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Utah Agriculture in the Classroom

Agricultural Literacy Curriculum Matrix


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Supply and Demand

A simple activity that demonstrates the principles of supply and demand.

Materials
  • "What If" Statements worksheets
  • Optional: Empty egg carton, pickle jar & milk jug
Procedures
  1. After explaining the economic concepts of supply and demand to your students, conduct this simple but fun activity to check if your students really understand how supply and demand and price are related. If the price of a product increases, quantity demanded will decrease and quantity supplied will increase. If the price of a product decreases, quantity demanded will increase and quantity supplied will decrease. The forces of supply and demand determine prices, which are measures of the relative scarcity of different products.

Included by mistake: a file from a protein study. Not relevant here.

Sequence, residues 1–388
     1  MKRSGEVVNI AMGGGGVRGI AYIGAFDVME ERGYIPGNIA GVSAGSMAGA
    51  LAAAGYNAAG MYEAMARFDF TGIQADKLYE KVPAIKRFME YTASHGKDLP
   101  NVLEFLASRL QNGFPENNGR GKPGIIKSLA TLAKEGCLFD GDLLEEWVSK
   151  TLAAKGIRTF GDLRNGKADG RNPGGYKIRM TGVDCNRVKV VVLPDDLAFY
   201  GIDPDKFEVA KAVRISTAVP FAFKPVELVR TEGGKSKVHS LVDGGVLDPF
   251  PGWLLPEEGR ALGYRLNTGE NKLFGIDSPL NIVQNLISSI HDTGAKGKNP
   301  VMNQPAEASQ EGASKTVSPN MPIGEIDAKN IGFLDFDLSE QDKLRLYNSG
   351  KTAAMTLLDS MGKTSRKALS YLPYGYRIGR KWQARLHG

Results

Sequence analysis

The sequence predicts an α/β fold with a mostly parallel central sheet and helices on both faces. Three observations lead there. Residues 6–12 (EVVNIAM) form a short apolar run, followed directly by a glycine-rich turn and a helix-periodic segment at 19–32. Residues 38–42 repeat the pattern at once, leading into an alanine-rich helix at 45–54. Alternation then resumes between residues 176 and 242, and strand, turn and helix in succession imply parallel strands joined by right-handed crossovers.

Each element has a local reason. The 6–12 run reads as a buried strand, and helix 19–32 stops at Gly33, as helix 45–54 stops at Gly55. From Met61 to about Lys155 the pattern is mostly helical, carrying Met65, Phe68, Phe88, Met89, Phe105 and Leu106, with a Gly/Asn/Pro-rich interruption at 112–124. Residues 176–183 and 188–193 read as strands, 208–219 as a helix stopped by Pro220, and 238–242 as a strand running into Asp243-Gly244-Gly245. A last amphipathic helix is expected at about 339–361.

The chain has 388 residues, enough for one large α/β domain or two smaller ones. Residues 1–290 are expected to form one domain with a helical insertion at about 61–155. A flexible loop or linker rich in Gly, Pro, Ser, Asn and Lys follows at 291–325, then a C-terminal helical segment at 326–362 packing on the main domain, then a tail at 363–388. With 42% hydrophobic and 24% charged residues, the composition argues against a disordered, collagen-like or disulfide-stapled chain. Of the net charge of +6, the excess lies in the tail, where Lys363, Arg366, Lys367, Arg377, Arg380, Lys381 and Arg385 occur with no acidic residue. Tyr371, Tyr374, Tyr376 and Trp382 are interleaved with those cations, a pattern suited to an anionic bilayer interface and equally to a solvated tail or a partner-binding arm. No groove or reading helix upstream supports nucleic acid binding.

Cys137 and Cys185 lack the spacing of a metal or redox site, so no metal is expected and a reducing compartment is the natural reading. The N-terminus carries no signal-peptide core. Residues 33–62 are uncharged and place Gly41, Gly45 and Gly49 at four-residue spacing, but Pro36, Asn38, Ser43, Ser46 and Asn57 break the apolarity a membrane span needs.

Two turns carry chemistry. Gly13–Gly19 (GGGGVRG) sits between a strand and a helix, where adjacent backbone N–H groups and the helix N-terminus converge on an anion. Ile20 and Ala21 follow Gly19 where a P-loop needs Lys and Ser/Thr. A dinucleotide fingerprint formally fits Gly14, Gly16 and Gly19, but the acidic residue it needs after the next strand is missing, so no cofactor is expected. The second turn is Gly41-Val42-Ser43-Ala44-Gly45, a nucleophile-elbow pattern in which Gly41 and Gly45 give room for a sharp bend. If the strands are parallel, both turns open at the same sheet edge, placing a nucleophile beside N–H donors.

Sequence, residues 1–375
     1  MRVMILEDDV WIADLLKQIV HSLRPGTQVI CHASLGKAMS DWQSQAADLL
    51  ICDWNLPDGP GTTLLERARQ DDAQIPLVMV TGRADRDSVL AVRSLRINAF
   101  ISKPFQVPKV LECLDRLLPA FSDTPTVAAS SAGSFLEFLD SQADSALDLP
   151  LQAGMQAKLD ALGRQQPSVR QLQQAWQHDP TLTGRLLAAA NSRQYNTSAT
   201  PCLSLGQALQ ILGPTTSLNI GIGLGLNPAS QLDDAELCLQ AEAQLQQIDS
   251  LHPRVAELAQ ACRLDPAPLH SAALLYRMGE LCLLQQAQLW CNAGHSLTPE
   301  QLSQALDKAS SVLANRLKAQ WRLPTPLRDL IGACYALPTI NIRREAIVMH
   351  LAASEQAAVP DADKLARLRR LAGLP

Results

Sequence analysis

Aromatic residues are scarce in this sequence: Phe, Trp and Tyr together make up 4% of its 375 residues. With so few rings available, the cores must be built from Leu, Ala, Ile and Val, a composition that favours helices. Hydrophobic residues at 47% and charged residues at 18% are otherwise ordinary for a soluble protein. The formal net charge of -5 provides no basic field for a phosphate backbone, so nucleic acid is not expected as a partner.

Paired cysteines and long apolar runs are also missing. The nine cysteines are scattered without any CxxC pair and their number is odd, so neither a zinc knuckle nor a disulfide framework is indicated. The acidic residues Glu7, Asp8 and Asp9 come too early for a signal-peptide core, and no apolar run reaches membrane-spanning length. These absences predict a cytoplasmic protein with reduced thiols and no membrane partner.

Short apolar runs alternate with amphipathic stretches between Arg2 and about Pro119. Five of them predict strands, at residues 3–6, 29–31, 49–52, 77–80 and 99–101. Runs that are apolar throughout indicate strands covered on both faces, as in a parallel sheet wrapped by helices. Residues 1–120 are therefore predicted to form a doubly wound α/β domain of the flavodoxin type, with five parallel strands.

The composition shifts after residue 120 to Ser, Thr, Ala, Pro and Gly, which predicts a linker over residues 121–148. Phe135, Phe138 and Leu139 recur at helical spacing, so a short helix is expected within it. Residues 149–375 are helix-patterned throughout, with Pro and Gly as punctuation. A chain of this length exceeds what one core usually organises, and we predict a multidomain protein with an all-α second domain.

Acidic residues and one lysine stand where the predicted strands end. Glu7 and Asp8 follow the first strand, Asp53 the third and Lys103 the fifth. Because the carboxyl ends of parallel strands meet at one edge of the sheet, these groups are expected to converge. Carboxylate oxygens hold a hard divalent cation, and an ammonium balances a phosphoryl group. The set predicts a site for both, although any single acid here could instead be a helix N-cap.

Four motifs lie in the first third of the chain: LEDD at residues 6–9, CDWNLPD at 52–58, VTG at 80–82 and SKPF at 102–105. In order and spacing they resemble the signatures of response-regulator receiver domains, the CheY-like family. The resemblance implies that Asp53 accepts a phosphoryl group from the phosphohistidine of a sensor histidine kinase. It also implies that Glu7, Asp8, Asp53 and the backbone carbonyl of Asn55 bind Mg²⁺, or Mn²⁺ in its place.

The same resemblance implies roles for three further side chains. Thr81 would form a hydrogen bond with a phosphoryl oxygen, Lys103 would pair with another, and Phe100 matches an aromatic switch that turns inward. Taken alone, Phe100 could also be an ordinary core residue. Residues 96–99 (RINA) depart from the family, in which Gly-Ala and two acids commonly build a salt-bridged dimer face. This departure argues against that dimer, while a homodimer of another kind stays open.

2. Cut apart the milk, pickle, and egg statements. To add interest to the activity place the milk statements into a milk jug that has a hole cut in the side opposite of the handle so a hand can reach in to get the statements. Place the pickle statements in an empty pickle jar, and place egg statements into an empty egg carton. On the outside of the jug, jar, or egg carton write the words: WHAT WOULD HAPPEN IF...
  3. Divide the class into three groups, and give each group one of the containers.
  4. Give each student an “arrow” card, which you have copied from below onto cardstock and laminated, for future use.
  5. Begin by asking one group to read out-loud the first statement that they have pulled from the container.
  6. Then ask students to hold their arrow facing you and respond by turning their card up or down based on your questions: What will happen to the supply? What will happen to the demand? What will happen to the price? Discuss each statement. The groups should take turns reading from their containers. By the end of the activity every student should have the idea about supply, demand, and price. You’ll know the ones who don’t and be able to work with them on an individual basis. Have fun and “don’t look at your neighbors."
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Utah Agriculture in the Classroom
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